From the WaPo. Don’t believe the hype. There will be some Congress members about to go down. This doesn’t mean anything in the sweeping, national context:
As it happens, two or more incumbents could lose their primaries this week. And we could conceivably even see three or four lose, which would basically be unprecedented.
The confluence of these things could/will undoubtedly cause some folks to blow the dust off the old “anti-incumbent” narrative. Watch out incumbents, they will say.
Don’t listen to them. While there are plenty of incumbents fighting for their jobs this week, very few of their races say much of anything about the bigger picture for members of Congress.
Case in point: Reps. Scott DesJarlais (R-Tenn.) and Kerry Bentivolio (R-Mich.). Among all the incumbents this week, these two are probably the most likely to lose their primaries. But to call them unusual cases would be a disservice to the word “unusual.”
DesJarlais is running in his first primary since it was revealed in October 2012 that he engaged in sexual relationships with patients and co-workers at his medical practice. He urged one of them to have an abortion and also encouraged his ex-wife to have two abortions prior to their marriage. DesJarlais, of course, has run on an antiabortion rights platform.
And NYTimes, which followed Sen. Lamar Alexander around:
“As opposed to Senator Cochran, Lamar has been engaged in this race from go,” said Gov. Bill Haslam of Tennessee, a Republican.
Mr. Alexander, 74, began his political career 40 years ago with a failed bid for governor. Now, he is a former two-term governor and national education secretary who enjoys a deep relationship with many of his state’s voters. But his brand of center-right politics has made him vulnerable to a more ideologically driven candidate in a state where an earlier generation of moderate Republicans is being replaced by a mix of more conservative younger voters, new arrivals to the state and former Democrats.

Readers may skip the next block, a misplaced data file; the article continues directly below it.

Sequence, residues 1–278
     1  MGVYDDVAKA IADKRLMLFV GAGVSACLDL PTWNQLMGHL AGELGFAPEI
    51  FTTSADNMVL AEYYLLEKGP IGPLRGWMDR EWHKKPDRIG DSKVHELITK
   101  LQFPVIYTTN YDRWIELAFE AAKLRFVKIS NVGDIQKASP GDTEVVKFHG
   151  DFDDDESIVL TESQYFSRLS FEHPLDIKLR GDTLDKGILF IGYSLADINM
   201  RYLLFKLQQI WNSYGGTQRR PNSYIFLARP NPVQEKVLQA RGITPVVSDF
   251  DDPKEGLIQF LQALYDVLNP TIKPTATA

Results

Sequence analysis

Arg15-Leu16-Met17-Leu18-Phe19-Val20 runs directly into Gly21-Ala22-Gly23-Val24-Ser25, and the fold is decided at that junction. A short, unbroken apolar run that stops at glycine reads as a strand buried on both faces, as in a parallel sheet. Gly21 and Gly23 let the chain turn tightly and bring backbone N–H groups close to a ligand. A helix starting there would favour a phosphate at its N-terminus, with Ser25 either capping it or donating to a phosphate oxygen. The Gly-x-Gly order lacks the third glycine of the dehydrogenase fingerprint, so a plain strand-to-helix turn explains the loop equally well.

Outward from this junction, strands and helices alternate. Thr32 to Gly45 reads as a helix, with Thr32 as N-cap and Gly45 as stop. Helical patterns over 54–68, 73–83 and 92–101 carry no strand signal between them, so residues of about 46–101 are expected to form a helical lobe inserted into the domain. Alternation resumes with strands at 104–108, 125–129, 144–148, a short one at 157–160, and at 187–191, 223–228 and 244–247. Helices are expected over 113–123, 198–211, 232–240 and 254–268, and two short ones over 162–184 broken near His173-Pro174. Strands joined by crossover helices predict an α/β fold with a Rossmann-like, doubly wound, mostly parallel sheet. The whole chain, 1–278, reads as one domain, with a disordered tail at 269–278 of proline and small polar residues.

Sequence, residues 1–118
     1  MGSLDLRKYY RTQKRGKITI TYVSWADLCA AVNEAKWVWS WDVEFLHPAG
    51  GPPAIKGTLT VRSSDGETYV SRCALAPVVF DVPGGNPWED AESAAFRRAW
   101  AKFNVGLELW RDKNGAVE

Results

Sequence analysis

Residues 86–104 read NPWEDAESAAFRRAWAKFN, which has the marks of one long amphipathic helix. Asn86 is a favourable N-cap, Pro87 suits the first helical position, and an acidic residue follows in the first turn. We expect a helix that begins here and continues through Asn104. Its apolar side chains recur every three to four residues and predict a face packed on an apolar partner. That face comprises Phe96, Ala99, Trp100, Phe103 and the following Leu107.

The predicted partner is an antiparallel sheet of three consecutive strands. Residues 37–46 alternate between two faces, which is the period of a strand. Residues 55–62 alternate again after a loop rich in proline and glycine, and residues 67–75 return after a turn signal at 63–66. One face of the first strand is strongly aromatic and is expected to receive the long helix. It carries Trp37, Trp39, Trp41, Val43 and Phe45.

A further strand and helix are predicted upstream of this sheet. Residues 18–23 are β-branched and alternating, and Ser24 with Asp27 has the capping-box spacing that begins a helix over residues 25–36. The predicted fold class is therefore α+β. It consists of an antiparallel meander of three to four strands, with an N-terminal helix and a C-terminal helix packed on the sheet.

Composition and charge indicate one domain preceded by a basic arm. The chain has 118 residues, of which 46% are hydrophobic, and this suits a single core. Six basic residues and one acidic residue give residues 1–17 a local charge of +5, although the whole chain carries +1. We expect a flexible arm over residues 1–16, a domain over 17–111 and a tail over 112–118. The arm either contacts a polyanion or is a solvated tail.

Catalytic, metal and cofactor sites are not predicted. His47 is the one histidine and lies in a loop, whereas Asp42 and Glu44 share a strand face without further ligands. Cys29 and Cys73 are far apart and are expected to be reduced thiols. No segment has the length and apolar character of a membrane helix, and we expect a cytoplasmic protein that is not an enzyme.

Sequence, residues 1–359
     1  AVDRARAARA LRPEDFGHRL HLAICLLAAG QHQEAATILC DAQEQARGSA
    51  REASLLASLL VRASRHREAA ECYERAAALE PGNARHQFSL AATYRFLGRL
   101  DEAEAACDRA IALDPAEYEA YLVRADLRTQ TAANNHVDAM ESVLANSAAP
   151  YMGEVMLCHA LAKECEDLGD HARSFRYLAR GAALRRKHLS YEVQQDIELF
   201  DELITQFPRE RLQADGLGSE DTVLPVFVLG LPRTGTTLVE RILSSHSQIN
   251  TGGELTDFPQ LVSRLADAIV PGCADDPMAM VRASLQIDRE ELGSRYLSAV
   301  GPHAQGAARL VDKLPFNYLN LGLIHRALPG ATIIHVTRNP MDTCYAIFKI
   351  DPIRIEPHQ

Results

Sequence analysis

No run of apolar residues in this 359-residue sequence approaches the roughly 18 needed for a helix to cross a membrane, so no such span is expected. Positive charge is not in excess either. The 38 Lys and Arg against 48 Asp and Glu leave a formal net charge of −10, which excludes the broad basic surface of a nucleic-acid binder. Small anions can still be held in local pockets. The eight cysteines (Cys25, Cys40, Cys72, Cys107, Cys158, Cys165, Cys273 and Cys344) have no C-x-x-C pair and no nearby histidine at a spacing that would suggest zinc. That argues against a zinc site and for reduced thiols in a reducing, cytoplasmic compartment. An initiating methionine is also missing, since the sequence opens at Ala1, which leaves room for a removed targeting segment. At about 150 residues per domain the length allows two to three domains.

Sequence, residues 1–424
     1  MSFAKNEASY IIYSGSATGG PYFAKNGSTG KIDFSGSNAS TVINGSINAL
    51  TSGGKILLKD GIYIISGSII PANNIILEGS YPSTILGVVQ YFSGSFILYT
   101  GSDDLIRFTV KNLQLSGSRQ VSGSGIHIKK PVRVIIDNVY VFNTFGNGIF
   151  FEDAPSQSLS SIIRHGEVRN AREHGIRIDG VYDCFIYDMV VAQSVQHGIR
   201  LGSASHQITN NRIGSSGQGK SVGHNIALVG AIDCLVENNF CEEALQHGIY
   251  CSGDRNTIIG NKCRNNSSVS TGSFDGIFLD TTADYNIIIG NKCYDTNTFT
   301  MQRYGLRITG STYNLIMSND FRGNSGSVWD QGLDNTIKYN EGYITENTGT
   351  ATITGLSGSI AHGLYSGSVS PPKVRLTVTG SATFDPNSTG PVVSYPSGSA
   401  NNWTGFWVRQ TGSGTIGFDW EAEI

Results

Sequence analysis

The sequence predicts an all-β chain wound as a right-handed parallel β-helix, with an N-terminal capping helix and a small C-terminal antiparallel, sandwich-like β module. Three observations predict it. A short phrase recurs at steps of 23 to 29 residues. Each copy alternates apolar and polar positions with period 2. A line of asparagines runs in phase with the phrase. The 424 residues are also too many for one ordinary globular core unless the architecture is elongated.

Mr. Carr, 56, who has been attracting little notice from state and national conservatives for months, has finally begun to draw attention by criticizing Mr. Alexander for his vote last year on a comprehensive immigration overhaul that includes a pathway to citizenship for immigrants in the country illegally that the right deems an amnesty.
That issue has helped win Mr. Carr support from figures such as Laura Ingraham, a radio talk show host, and former Gov. Sarah Palin of Alaska at a moment when the surge of Central American youths across the United States border has again elevated immigration in the public debate.
Mr. Alexander has responded by denouncing Mr. Obama for his handling of the crisis while making the case that the broader issue is best addressed with the sort of comprehensive legislation he backed last year.
Welp, here’s your national context too, further down in the article:
If both Mr. Alexander and Mr. Roberts win, it would be a significant victory for Senator Mitch McConnell of Kentucky, the Republican minority leader, who this year vowed to “crush” conservative challenges of incumbent senators.